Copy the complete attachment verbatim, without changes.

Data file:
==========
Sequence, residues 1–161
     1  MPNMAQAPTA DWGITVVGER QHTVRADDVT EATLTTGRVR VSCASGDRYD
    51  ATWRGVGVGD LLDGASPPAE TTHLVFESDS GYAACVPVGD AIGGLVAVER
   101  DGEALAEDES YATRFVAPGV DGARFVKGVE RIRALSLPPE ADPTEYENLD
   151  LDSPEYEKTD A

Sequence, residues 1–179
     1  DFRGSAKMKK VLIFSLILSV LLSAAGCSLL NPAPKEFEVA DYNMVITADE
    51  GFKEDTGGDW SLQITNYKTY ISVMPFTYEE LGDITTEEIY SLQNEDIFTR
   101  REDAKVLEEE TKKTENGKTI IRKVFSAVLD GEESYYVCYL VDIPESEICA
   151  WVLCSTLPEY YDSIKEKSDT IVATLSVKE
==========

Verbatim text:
Sequence, residues 1–161
     1  MPNMAQAPTA DWGITVVGER QHTVRADDVT EATLTTGRVR VSCASGDRYD
    51  ATWRGVGVGD LLDGASPPAE TTHLVFESDS GYAACVPVGD AIGGLVAVER
   101  DGEALAEDES YATRFVAPGV DGARFVKGVE RIRALSLPPE ADPTEYENLD
   151  LDSPEYEKTD A

Sequence, residues 1–179
     1  DFRGSAKMKK VLIFSLILSV LLSAAGCSLL NPAPKEFEVA DYNMVITADE
    51  GFKEDTGGDW SLQITNYKTY ISVMPFTYEE LGDITTEEIY SLQNEDIFTR
   101  REDAKVLEEE TKKTENGKTI IRKVFSAVLD GEESYYVCYL VDIPESEICA
   151  WVLCSTLPEY YDSIKEKSDT IVATLSVKE